An alternate history short story where the famous Black Prince of England was actually a half-human/half-demon hybrid in the service to Satan (God's jailer versus Lucifer in this universe). This is one of the short stories I think which really encapsulates the theme and shows a genuinely alien mindset which some would call evil but is just operating to its own interior values.
"Old Blood" by Adrian Tchaikovsky
A lot of animal motifs, sacrifice, and vengeance themes in this book but I can't say I actually understood much of it. It makes me want to read Shadows of the Apt, though, so I can know what was going on here.
"Black Bargain" by Janny Wurts
A human waste of space named Toler gets enslaved by a wizard who is engaged in a convoluted plot to prevent the end of the world by dragon due to the fact humanity has done some horrible stuff which would compel dragons to eliminate them. I didn't always understand the politics but enjoyed the premise.
"The Syldoon Sun" by Jeff Salyards
Remember that deformed guy in 300? The one who ended up betraying the Spartans because they wouldn't let him fight the Persians? This is basically a version of his story with a new army and a less awful set of circumstances. His story also ends in a way which is dark and tragic whereas most of the protagonists in this book get away with their actions.
"The Darkness within the Light" by Shawn Speakman
A wizard murders, kidnaps, blackmails, and extorts his way to finding the Holy Grail. Why? So he can get revenge on God.The question of evil and suffering in the world is a constant one for the faithful and one which I have often struggled myself with. In the case of the wizard here, it is doubly so because he has proof God exists but still doesn't act. He's certainly a monster but his actions are driven by a very cosmic anger in the Miltonian sense.
"The Greater of Two Evils" by Marc Turner
A tyrannical group of sea wizards fighting against pirates with delusions of being revolutionaries.I love stories where both sides in a war are just dirty with people caught in-between. It inspired my novel Lucifer's Star and Marc Turner does a great job of depicting a conflict where idealistic heroism is grossly misplaced. The ending is also esoterically happy in a way.
"Exceeding Bitter" by Kaaron Warren
An exceedingly (no pun intended) weird little horror story with a lot of creep factor.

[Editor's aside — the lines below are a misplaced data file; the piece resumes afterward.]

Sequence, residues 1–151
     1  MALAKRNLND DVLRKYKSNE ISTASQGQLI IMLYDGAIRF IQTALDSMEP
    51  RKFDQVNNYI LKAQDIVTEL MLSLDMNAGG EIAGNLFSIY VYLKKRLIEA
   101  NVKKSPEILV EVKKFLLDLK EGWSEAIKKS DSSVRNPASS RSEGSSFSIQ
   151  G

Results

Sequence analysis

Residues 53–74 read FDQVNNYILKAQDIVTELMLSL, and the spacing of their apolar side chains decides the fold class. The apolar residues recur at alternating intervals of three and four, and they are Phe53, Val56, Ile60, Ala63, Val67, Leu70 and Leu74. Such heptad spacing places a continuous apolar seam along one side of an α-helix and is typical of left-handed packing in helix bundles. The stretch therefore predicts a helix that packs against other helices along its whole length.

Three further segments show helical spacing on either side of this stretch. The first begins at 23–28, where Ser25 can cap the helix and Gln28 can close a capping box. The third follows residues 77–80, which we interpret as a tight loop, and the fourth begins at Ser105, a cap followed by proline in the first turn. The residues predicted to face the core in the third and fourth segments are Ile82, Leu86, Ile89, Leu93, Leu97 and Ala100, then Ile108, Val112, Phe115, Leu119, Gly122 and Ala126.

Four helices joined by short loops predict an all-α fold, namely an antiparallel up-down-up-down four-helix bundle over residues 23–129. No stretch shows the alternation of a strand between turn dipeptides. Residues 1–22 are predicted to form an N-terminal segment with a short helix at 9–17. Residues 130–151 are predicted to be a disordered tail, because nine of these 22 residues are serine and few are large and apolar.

"A Game of Mages" by Courtney Schafer
One of my two favorite stories in the book, this is about a completely awful person who is about as moral as your typical Chaotic Evil D&D villainess but is still capable of loving her spouse/partner/lover. Her partner is capable of loving other people, though, and we see how that affects their relationship. The ending also foretells that their evil will destroy itself because, well, traces of goodness is a poison in the well of a truly evil person's happiness.
"The Tattered Prince and the Demon Unveiled" by Bradley P. Beaulieu
The best short story in the anthology, this story feels not-to-dissimilar to a retelling of Aladdin. Except Aladdin's genie is a demon, may want to possess him, and he's protecting his erstwhile princess from a bunch of drug-dealers. Brama is a pretty decent fellow, actually, but evil is a word thrown around a lot against people who don't deserve it.
"A Storm Unbound" by E.V. Morrigan
This is a great story that I hesitate to reveal the twists of but amounts to it being a fantasy version of John Wick with a female protagonist. The ending is also one I found to be touching as humans in peril are an overused motivation versus poochies.
"The Game" by Matthew Ward
This is a story which stars a genuine irredeemable [expletive] and one which I sincerely hope gets eaten by wolverines in his trousers. Nevertheless, I will say the protagonist is an amazingly capable character who you have to marvel at the manipulations of.
"Blood Penny" by Deborah A Wolf.
A runner up for the best story in the anthology, the story of a demon-tainted waif who is desperate to survive and turns to some poorly understood black magic for revenge. The ending is more hopeful than I expected but it's a dark ride throughout.
"Better than Breath" by Brian Steveley
I may have misunderstood this one but I think it's probably the best vampire story I've read in a very long time. Even monsters have mothers....or are them.
"A Foundation of Bones" by Mazarkis Williams
A story about a messiah being raised by a man who wants dearly to make him a hero but may accidentally damn him down a different path. I felt it was a good story but more in the middle than my favorite of this work.
"The Aging of a Kill" by Peter Orullian
I gave Peter Orullian a bad review for "A Length of Cherrywood" in Blackguards but he's won my respect for this little work. It's a story about revenge in the Count of Monte Cristo sense of ruining people utterly rather than simply murdering them. It's also about a very alien mindset where retribution for every slight can make a truly horrifying pile of seemingly justified actions.
"The Carathayan" by R. Scott Bakker
I'm going to grimdark hell for this but I actually had no idea what the hell was going on in this story from beginning to end. There's a lot of murder, mayhem, shouting, and accusations but I felt like I was going "Whose on First" the entire time.
In short, great book. Solid 4.5 bloody axes out of 5.